"Those kids are priceless, and I like Mrs. Hilton awfully," commented
Aldora.

"Relations generally play up for parties. I wonder what they're like in
private?" whispered Marion to Etta, as the two sat on the floor changing
their shoes.

She whispered it very softly, and she really did not intend Lesbia to
overhear, but her chum chanced to move forward at that very moment and
caught the unpleasant words. It made the only disagreeable note in her
party. Marion shook hands warmly with Mrs. Hilton and thanked her for
her hospitality as she said good-bye, but Lesbia, standing near, thought
her politeness lacked a genuine ring. She could not forget the chance
whisper she had overheard in the bedroom.

At the High School matters were going briskly this new term. Miss
Tatham's scheme for self-expression found favour with the girls. It was
so delightful to be able to choose your own lessons, if only for two
afternoons during the week. There were tremendous debates about the
various subjects on the list.

"It's a grizzly nuisance we mayn't do a bit of everything," mourned
Marjorie Johns. "I want to paint and sing and act and learn
wood-carving as well. Why can't we fit it all in?"

"Because the powers that be say there isn't time, my child. With your
voice there's absolutely nothing for it but song-drama. It's Kismet."

"But I want to make my Christmas presents. Carving would be _so_
useful."

"You'll have to make them at home. You're booked for song-drama, I tell
you. Miss Bates has her eye on you."

"Oh, indeed! What about free choice then?"

"I think I shall go in for song-drama, it sounds ripping," lisped Ermie
Hall, a short fat girl, whose speech, in spite of the persistent efforts
of the elocution mistress, still clung to the "lal" of her childhood.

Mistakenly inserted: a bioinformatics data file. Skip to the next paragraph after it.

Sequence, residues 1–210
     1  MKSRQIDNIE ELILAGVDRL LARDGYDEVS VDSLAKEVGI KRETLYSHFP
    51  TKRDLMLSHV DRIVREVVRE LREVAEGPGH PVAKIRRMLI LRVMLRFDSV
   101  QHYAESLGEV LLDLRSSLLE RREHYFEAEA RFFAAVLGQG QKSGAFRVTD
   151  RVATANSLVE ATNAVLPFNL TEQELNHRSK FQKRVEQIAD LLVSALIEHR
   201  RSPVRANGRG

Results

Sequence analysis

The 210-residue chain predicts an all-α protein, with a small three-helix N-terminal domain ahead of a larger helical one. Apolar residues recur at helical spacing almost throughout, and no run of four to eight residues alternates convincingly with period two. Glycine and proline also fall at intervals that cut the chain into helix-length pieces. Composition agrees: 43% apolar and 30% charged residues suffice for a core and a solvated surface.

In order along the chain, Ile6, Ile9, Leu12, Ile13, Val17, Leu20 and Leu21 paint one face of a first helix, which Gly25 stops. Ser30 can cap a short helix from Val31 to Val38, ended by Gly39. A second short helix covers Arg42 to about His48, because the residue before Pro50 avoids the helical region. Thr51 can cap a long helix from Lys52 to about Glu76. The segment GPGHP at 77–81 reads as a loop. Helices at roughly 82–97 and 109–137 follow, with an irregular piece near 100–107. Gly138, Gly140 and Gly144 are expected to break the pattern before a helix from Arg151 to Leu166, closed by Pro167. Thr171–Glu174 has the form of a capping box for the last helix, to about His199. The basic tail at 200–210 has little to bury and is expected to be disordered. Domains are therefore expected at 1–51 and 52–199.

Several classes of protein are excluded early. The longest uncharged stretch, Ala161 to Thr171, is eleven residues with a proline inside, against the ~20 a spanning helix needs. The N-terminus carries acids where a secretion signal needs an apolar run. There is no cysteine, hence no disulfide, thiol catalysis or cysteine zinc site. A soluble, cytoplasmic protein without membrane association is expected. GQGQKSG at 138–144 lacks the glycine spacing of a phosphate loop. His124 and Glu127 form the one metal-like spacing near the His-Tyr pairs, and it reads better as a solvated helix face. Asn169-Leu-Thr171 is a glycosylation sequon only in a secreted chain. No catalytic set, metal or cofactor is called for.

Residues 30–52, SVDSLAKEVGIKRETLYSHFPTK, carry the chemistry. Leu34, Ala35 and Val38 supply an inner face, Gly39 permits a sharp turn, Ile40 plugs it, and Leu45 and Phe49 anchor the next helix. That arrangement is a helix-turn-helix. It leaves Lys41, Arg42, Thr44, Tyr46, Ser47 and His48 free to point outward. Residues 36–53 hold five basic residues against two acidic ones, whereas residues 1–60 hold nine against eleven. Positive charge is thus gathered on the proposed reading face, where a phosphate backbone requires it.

"_You!_ Are we to have a chorus of corn-crakes?" hinnied Cissie Hales,
who never spared her comments.

"We can choose what we like I suppose?" flared Ermie.

"No we can't altogether. There's to be a selection for song-drama.
Theodora told me so. Miss Bates is to weed out the bad voices and pick a
decent caste."

"A good thing too--for those who'll have to listen at Christmas,"
commented Aldora. "The audience ought to have _some_ consideration shown
to it."

"It would be hateful to choose song-drama and then be turned down,"
ventured Bernadine Molyneaux.

"Unthinkable," agreed Lesbia. "I know my voice is nothing, and I've not
much ear for music (though I love it), so it's no use my playing out of
tune in the orchestra. I'm going in hot and strong for Art on Tuesday
afternoons. I shall put my name down for it. Here goes!"

"Are you absolutely sure?" warned Cissie, mock-tragically, as Lesbia,
pencil in hand, approached the list. "Remember it's like getting
married, and you can't change your mind. It's a case of 'say it now or
hereafter for ever hold your peace!' When once you're wedded to the Arts
class you may find you're 'mated to a clown' as Tennyson puts it. 'Be
wise in time, O Lesbia mine!' Don't sacrifice your beautiful youth upon